In recent years, and particularly following the ethical questions that have arisen since the 2007/8 financial crisis, people have been questioning the financial system. This has led people to consider more carefully the investments they are making, and where that money actually goes. Alternative investments have risen more to the forefront, but there is a limited understanding of the benefits and risks associated with these. In July 2015, the World Economic Forum published a comprehensive report that helps to pinpoint and better understand the implications of such types of investments, for the benefit of the industry overall.
The World Economic Forum defines alternative investments as:
“Those which are not part of traditional asset classes such as cash, stocks or bonds that retail investors are most familiar with.”
This is explained to include private equity real estate, private equity infrastructure funds, secondary funds and private debt funds. The report especially focuses on hedge funds, venture capital and private equity buyouts.
While private investment has occurred for decades, it is argued that the alternative investment industry began to merge in the latter half of the last century. Initially this began with just a few US companies managing a relatively small amount, to a great many companies worldwide managing what is estimated to be $7 trillion for investors. Indeed, it is estimated that there are 10,000 firms that contribute towards managing this massive figure. There have been regulatory changes that have driven the growth of the industry, and laws that have had an impact include the US Small Business Investment act of 1958 among others.
It is anticipated that going forward the alternative investments industry will continue being impacted by regulation and change in this area. Regulation is thought to have the potential to impact on innovation and returns, and potentially to create barriers to entry for new businesses.
Alternative investment structures have different legal structures from traditional funds, leading to fee structures that also differ, different lengths of investment (lifespans usually range between 10 to 15 years), different levels of freedom and liquidity. In many cases it is argued that governments will only allow the very wealthy to access such types of investments, on the basis that it is thought that they will best understand the complexity and deal with the level of risk concerned.
Cash flow size and timings may vary more than that with traditional funds. There may also sometimes be a sizeable delay between the time when the money is committed and when it is actually invested. There are also different performance metrics used compared to traditional funds. While traditional funds rely on the time weighted method, considering the returns based on two points in time, the alternative investment approach is more commonly to use the internal rate of return method.
Turning to the types of investments available, hedge funds comprise a considerable proportion of alternative capital, making up 40% of the total, or more than three trillion dollars. The majority of this activity occurs in the USA (70%), but 21% also happens in Europe. There are thought to be more than 8,000 hedge funds in total. One of the reasons for choosing hedge funds is the fact that that they can lead to risk-adjusted absolute returns in any market, which is an attribute that investors value highly.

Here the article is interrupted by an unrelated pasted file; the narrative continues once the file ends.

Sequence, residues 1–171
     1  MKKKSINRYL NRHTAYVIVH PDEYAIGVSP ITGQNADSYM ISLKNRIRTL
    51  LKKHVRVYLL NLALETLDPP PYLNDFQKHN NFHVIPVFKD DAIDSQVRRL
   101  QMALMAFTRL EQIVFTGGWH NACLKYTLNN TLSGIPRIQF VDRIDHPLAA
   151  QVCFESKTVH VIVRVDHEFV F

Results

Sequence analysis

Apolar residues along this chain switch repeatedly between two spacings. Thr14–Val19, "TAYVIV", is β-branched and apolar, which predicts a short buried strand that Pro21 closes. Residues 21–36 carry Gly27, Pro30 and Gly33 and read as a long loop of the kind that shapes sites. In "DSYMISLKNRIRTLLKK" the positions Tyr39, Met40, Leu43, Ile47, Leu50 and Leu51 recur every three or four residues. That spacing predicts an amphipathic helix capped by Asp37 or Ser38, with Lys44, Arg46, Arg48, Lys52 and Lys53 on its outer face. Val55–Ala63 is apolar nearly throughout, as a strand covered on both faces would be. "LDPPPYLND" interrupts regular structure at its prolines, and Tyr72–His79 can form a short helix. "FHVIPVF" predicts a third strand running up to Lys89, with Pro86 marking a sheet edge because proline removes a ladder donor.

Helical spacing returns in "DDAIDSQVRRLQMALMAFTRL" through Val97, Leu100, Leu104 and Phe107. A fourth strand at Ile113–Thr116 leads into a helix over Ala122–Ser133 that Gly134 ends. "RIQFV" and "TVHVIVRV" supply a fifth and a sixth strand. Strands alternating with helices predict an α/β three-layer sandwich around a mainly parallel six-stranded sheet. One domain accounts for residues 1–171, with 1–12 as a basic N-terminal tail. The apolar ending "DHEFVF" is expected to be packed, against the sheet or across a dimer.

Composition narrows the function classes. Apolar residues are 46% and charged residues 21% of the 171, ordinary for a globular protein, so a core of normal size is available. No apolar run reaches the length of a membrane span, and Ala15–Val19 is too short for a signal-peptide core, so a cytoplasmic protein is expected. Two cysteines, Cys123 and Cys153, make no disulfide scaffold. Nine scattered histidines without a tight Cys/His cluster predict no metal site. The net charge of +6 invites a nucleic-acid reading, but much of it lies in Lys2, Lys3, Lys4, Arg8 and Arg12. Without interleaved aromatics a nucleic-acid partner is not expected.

Private equity buyouts are another form of alternative investment, and this is currently thought to account for $1.4 trillion of alternative investment. The US is the location of 50% of the companies that facilitate these types of investments, and Europe accounts for 26%. Private equity buyout firms have been around since the 1980s, and investors place their money in many different industries, using the services of any of 1,000 firms that operate in this area. One of the major benefits of this type of investment is high returns.
Meanwhile, venture capital is an alternative source of investment that has been utilised since directly after the Second World War, and today there are thought to be $400 billion in assets. There are estimated to be almost 1,500 venture capital firms worldwide. The biggest incentive for taking on this type of alternative investment is the “outsized returns relative to traditional public equity”. Those that invest through such organisations hope to make money by investing in the next big thing, like Facebook or Uber. These types of investments are largely concentrated in the technology industry.
Paula Newton is a business writer, editor and management consultant with extensive experience writing and consulting for both start-ups and long established companies. She has ten years management and leadership experience gained at BSkyB in London and Viva Travel Guides in Quito, Ecuador, giving her a depth of insight into innovation in international business. With an MBA from the University of Hull and many years of experience running her own business consultancy, Paula’s background allows her to connect with a diverse range of clients, including cutting edge technology and web-based start-ups but also multinationals in need of assistance. Paula has played a defining role in shaping organizational strategy for a wide range of different organizations, including for-profit, NGOs and charities. Paula has also served on the Board of Directors for the South American Explorers Club in Quito, Ecuador.